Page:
Now, I'm not saying that we should hate the people who do these things. I'm absolutely not saying that. I'm saying we should follow in God's flawless example: He loves all His creations, but He abhors the evil things they do. God hates sinful actions, but continues to love the sinner. This is a subtle but vitally important distinction that is lost on a lot of people, but we'd do well to keep it in mind.

Winston C. Churchill
(source: Good Reads)
And as for being hated yourself … don't let it bother you. To quote Winston Churchill, "You have enemies? Good. That means you've stood up for something, sometime in your life."

Or we can quote Kurt Hofmann, St. Louis Gun Rights Examiner, who also blogs at Armed and Safe and, who pointed out, "I believe that being despised by the despicable is as good as being admired by the admirable."

Getting back to the politically-correct opinion, hate is not the opposite of love, as the "Progressives" like to claim; it's a small step to the left of love. Love and hate are more similar than most people realize: both are very strong emotions, strong enough to make normally-rational people do irrational things, and irrational people into downright lunatics; both produce a similar physiological response, including increased heart rate, adrenaline surges, tunnel vision (so as to focus on the object of the emotion), thoughts and behaviors bordering on obsession. Very similar, except that love is symbolized by affection and creation, while hate is symbolized by derision and destruction.

Elie Wiesel
(source: Good Reads)
So what's the opposite of love? Let's quote Elie Wiesel: "The opposite of love is not hate, it's indifference. The opposite of art is not ugliness, it's indifference. The opposite of faith is not heresy, it's indifference. And the opposite of life is not death, it's indifference."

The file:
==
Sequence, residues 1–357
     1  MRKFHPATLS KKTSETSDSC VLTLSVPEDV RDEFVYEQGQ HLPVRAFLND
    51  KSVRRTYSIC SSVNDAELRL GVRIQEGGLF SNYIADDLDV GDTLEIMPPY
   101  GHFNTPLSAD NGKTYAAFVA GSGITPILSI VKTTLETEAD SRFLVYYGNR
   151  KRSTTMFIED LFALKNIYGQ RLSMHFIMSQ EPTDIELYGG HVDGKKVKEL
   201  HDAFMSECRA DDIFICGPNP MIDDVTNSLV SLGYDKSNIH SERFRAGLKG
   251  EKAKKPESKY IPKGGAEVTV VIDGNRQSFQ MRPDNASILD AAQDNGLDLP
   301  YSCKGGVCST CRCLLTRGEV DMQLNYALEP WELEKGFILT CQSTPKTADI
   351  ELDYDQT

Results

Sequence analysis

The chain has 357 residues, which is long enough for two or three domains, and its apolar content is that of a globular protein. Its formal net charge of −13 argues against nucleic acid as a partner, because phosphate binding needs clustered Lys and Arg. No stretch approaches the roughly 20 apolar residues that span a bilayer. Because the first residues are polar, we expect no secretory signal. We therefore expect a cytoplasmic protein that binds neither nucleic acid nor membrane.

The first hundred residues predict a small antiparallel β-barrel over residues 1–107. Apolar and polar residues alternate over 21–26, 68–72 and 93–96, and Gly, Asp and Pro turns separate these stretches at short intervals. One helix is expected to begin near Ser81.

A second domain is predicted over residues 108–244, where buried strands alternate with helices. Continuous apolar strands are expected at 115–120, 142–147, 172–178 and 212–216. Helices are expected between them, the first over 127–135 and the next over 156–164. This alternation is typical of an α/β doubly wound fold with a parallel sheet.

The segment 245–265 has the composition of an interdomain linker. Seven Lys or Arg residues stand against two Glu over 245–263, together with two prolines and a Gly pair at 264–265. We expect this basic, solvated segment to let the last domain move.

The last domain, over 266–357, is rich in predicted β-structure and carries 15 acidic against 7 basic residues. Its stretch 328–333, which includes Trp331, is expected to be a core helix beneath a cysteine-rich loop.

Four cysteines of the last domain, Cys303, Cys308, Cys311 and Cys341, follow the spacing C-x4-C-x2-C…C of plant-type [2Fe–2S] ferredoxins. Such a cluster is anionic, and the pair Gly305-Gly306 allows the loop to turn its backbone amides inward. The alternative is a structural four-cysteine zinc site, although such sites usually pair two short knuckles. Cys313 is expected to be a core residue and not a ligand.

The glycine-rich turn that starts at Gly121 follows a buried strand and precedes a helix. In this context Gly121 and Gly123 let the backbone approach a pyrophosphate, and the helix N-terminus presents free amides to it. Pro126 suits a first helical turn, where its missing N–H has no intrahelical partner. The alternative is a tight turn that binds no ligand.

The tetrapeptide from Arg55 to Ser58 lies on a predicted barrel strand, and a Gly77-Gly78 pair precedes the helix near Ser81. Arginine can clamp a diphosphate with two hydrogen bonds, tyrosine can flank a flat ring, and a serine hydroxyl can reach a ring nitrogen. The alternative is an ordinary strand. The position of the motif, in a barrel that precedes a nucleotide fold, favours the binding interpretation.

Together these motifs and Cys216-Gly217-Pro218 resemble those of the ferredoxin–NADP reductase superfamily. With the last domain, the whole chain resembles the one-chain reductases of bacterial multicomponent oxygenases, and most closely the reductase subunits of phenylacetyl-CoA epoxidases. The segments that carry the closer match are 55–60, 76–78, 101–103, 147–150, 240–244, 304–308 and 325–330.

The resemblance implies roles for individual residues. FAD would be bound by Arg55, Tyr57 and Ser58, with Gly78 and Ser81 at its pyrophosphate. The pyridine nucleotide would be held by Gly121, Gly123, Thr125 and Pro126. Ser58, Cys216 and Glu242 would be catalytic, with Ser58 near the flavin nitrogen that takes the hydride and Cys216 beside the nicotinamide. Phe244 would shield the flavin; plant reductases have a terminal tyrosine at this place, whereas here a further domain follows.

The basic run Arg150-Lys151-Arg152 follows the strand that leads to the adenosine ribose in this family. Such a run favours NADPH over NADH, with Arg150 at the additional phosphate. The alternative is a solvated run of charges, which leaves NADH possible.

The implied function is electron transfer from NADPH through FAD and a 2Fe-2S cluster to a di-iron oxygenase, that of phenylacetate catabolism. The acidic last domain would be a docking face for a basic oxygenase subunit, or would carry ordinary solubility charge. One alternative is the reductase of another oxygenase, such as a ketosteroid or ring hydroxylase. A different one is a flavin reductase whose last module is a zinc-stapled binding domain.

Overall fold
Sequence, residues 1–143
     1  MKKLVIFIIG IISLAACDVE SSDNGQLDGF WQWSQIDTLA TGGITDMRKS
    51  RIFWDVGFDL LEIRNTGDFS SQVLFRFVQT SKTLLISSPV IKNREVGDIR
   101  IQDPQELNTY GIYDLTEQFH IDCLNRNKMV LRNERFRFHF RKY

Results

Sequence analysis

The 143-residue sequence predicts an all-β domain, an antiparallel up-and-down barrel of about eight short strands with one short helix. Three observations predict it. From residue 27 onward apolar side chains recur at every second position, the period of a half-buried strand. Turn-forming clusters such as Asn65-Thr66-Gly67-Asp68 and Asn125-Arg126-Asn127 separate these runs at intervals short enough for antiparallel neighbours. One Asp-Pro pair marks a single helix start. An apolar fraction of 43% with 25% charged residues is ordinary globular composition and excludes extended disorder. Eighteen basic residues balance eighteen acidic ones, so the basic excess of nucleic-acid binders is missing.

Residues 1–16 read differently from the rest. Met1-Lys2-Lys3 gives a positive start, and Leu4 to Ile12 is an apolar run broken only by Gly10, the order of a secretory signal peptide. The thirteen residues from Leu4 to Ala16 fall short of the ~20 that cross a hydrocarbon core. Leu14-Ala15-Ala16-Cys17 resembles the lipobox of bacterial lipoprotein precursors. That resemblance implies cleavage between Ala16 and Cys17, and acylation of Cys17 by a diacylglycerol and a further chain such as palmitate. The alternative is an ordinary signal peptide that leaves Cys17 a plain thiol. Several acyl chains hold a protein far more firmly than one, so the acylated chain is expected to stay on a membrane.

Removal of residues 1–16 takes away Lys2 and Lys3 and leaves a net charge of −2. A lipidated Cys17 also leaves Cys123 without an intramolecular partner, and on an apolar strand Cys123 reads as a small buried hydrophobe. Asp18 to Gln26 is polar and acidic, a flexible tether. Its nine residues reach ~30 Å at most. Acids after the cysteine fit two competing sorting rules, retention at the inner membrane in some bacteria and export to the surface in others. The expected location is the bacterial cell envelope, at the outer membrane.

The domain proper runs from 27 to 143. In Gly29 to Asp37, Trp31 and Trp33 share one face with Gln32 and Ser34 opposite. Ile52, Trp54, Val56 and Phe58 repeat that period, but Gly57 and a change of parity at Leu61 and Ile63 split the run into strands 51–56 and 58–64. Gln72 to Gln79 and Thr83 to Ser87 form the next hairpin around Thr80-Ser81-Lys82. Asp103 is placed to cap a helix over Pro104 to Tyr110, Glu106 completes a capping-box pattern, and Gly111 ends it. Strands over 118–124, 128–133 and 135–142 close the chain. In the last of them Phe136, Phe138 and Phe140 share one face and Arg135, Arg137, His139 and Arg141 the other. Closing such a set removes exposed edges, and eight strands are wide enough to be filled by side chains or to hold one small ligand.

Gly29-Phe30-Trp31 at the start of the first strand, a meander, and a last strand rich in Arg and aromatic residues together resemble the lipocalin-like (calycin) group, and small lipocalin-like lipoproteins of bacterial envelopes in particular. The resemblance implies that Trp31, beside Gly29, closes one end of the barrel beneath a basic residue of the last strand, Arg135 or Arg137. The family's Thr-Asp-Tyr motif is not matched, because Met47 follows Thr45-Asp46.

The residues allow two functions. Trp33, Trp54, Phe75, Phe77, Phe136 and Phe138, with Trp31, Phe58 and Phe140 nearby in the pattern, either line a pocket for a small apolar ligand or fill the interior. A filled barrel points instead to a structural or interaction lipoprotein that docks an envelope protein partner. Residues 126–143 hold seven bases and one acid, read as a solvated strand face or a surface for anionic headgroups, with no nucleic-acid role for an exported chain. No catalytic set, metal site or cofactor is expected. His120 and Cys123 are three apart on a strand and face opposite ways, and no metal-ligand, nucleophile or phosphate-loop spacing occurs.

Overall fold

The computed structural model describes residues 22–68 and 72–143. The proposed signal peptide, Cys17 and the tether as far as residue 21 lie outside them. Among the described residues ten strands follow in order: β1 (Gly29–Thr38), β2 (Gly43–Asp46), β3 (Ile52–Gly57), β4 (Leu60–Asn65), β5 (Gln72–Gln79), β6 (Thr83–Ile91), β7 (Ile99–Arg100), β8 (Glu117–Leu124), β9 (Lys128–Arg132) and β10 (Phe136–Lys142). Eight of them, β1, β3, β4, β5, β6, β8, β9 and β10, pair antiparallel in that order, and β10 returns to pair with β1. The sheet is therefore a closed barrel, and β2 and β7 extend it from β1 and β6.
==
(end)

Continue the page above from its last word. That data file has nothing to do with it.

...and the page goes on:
And therein lies the real issue. The bigger problem is not love or hate; it's indifference. Distilled down, the real problem is not giving a $#!+ what happens in the world around you or to the people around you. In the case of the media, it's not caring whether the object they're attacking is actually guilty of their accusations (i.e. claiming Pam Geller is anti-Muslim, when in truth she's anti-free-speech-suppression, even if it's by Muslims). In the case of the "jihadis", it's not giving a rip about the collateral victims of their violent actions; the use of human shields is not forbidden, nor is the use of "non-selective munitions" (read: bombs) that kill or injure everyone in the area and not just the target.

It's caring more about one's own fragile ego and feelings than the lives of the people who get hurt or killed in the endless quest for retribution for that bruised ego and hurt feelings.

I'll close with this thought: There's a reason "depraved indifference" is a prosecutable offense in most states — though possibly under different verbiage — and it has little (if anything) in common with "hate" or "hate speech".

Part 3 is coming. Stay safe. [UPDATE: Part 3 is up.]
* - Specifically, Yoda was addressing irrational fear; that is, generalized fear with no source, object, or basis in reality, and/or disproportionate to any real threat or danger. Rational fear — appropriate fear of a real, articulable threat or danger — is a different concept altogether.
** - It's also not a stretch to say that the politicians and authority figures who receive the endorsements of corrupt individuals such as these also deserve a healthy dose of skepticism and suspicion, but that's beside the point.
*** - As an aside, given how the incident in Garland ended, this Bible passage is almost prophetic. Read verse 15 again. I assure you, that was not the ending the "jihadis" had in mind!


  1. Brilliant. If we want to be godly, we should hate what he hates and love what he loves.

    1. Thanks for the feedback! I tried to emphasize the "hate the sin, love the sinner" angle because based on Scripture, that's where He draws the line. He hates when His children do evil, but He never loves them any less.